Thank you for all the support – it was a little scary, yesterday, to publish my idea. Because it’s so tenuous.
I’m not SURE I want to teach, but I have an IDEA I want to teach. Very hard to throw that idea out into the universe when it’s not a real formulated plan.
That said, I DO need a plan if this is something I want to pursue.
The first obstacle is schooling if I want to be licensed to teach in public education. In Massachusetts the requirements for obtaining an initial license is that I complete an “Educator Preparation Program.” There are lots of flavors of this which I have spent time researching.
I could do an immersion program – teach AND do classes at the same time, which would be incredibly hard to balance as a mother.
I could do a masters program – there are many schools in the area, which have myriad options. Full time, part time, etc. I like this option; there’s a program which would ask only a weekend a month for me for a year and a half and then a student teaching assignment.
I would like to get my license to teach in the public schools. Mostly because I don’t want to limit myself to only charter or private schools.
But it requires an investment of time and money. Which I would wholeheartedly pursue if I KNEW my vocation was a teacher – that is, if it wasn’t just an idea.
I just don’t know. I need to get into a classroom and see if I like it, or see how the education system works and whether I think I can handle the specific pressure on educators.
And so I don’t think I’m in a place to move on this right now.
The way I look at it, maybe I need to substitute teach*, or volunteer at the school, or work for a non-profit in education. Or maybe I start at a private school/charter school and go from there.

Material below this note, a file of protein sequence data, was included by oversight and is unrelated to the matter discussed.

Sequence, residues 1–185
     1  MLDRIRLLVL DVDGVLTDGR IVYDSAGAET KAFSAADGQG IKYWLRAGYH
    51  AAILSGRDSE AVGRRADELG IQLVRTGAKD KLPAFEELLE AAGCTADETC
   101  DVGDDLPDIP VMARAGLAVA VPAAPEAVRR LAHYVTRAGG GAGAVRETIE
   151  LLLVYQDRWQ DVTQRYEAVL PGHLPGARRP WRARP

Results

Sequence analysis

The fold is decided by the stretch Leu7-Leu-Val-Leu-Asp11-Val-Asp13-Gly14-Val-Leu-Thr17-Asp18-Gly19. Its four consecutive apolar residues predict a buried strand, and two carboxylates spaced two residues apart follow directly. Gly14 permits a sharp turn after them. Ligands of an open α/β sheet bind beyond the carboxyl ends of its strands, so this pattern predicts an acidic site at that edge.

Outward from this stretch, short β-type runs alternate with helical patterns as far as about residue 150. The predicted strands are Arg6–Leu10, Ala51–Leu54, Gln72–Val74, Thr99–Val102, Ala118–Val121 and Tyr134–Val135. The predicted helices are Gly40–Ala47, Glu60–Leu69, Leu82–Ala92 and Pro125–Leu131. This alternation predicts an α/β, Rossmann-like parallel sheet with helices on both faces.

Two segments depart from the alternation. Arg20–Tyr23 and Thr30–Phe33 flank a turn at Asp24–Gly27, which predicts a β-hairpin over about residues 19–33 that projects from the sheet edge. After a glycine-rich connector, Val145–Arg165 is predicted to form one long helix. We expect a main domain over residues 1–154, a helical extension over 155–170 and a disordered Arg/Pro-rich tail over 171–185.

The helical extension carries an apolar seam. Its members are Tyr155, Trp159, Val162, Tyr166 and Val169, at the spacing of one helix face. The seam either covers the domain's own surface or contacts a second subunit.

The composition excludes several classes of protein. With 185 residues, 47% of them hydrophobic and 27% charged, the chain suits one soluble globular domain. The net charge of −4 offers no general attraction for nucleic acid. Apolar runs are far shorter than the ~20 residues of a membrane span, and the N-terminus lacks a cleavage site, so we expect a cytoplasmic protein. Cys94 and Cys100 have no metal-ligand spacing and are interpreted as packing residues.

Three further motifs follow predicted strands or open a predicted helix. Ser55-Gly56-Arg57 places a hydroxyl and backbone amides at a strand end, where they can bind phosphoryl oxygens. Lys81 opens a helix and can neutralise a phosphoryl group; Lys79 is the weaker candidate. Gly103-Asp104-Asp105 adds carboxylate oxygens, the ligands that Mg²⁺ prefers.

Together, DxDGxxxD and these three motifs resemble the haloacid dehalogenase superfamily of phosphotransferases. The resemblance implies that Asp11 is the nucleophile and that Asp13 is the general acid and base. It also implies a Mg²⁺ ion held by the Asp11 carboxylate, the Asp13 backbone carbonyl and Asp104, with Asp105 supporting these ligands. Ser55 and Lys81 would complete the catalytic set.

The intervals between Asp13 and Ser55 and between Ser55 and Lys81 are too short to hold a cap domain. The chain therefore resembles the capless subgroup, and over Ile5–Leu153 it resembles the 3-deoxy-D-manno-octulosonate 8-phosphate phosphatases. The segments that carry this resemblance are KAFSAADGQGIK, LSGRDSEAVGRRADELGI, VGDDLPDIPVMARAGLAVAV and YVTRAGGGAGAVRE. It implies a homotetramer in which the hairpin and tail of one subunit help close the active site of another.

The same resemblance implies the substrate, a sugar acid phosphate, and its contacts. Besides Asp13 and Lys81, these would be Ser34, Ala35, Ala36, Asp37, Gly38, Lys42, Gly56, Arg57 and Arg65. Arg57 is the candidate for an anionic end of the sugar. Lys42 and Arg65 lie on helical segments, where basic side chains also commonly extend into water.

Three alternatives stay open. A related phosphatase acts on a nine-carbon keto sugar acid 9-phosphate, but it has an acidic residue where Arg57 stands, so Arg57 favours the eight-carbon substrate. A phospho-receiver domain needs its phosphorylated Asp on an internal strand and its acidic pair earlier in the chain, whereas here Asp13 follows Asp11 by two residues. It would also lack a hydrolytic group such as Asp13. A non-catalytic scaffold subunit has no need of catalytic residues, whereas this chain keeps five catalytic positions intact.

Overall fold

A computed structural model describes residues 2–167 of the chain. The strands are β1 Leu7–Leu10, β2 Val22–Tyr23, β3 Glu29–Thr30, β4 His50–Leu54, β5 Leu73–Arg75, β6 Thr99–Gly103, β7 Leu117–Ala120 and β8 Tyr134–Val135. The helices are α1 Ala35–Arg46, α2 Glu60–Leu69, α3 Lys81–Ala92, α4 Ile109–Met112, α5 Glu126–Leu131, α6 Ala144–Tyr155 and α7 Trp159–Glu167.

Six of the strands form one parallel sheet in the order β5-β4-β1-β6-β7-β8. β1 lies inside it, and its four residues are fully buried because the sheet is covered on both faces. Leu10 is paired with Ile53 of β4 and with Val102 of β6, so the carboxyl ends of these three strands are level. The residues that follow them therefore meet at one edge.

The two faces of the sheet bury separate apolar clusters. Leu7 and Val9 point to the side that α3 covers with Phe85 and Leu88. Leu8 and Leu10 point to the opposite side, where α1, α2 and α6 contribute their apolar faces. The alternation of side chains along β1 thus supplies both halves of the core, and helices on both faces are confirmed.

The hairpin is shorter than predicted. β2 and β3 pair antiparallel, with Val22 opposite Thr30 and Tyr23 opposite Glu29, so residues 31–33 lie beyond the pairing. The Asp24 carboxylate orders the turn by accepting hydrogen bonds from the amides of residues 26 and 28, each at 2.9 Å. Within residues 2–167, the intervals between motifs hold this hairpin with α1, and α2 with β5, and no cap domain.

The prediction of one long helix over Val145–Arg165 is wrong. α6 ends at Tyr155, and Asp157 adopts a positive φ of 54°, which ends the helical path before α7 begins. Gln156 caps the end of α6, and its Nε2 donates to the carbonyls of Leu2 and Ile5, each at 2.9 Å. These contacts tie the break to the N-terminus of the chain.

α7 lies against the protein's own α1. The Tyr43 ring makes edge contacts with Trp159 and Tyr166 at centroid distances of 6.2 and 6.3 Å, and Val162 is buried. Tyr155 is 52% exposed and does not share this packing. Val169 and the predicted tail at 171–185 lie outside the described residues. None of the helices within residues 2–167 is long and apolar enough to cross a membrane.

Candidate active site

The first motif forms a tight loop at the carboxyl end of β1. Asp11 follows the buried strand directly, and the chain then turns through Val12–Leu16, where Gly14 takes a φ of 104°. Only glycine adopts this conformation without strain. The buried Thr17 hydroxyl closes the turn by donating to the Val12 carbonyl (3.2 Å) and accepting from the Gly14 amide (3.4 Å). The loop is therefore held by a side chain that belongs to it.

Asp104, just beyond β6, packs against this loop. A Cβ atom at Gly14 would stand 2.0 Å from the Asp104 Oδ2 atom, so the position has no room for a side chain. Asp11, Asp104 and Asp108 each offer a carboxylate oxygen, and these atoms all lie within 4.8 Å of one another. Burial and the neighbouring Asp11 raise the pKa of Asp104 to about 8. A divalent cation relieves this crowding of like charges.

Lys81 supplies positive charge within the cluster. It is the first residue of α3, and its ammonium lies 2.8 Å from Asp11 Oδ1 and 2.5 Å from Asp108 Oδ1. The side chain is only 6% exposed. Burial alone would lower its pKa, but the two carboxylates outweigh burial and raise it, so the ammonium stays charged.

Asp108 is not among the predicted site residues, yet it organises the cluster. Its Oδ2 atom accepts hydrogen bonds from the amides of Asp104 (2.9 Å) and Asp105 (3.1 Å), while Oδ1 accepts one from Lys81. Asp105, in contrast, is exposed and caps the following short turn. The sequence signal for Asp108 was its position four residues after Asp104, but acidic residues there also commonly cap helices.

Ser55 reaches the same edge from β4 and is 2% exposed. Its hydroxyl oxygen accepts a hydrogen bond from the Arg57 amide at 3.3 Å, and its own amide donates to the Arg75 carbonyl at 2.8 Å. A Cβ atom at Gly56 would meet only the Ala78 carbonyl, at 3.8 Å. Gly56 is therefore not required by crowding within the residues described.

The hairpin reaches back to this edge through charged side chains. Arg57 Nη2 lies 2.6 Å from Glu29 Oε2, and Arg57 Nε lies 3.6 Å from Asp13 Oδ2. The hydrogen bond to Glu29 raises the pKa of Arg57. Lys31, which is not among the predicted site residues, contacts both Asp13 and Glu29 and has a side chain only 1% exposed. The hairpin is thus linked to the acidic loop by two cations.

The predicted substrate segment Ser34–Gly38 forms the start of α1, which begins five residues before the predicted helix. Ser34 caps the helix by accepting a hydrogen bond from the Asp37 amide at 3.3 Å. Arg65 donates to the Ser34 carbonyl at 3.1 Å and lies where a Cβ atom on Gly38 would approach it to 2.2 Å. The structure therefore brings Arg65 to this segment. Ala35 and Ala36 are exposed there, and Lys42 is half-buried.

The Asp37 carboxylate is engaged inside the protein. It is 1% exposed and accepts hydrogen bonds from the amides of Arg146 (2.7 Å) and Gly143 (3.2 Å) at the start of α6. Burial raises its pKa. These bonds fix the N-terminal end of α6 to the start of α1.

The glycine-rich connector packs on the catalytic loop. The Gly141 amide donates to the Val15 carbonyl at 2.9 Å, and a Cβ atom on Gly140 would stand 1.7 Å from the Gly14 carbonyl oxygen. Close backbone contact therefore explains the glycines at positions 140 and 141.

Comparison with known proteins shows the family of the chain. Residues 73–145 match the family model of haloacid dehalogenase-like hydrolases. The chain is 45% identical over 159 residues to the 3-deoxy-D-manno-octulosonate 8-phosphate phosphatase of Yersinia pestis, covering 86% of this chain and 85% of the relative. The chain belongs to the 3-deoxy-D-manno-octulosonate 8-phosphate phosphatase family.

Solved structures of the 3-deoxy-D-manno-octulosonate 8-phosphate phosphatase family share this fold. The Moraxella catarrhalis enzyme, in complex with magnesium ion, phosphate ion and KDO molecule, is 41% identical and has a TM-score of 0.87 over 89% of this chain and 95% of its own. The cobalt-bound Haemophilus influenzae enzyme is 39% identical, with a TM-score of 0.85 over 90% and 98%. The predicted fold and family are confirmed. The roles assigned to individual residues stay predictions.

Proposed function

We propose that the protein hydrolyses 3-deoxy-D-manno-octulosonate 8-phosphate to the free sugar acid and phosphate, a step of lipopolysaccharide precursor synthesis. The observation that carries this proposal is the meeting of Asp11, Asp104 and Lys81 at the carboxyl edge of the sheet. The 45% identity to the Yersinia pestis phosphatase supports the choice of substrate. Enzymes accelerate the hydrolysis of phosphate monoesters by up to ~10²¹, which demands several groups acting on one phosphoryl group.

I don’t think it’s a bad idea to change careers, reinvent myself, at age 40. It WOULD be a bad idea for me to do it without really KNOWING that this is something I want to do.
Really, the bottom line is that I don’t want to waste money on a degree if it’s not going to make me happy.
All careers have pros and cons. I might not like the work I am doing now, but I make good money and it’s relatively flexible. I often cannot imagine doing this for the next 10, 20 years, but I KNOW this career.
It’s possible it might be better to stay where I am right now, too.
So I will continue to research. And when Owen starts kindergarten next week, I’ll talk to his teacher about volunteering in his class, and see if the principal would be interested in me volunteering in other classrooms, too. Maybe I’ll see what’s involved with being a substitute and whether it’s something I can commit to when I don’t have an active work project.
As much as I want to MOVE on this right now, I know I need to be practical and smart and make sure I know that this is the right choice for me.
*Because, seriously. If you are a substitute teacher, you see the worst of kids. Sometimes the best. But the worst, too. If you can survive running the substitute teacher gauntlet and STILL want to teach, maybe that’s a vocation. At least, that’s what I figure.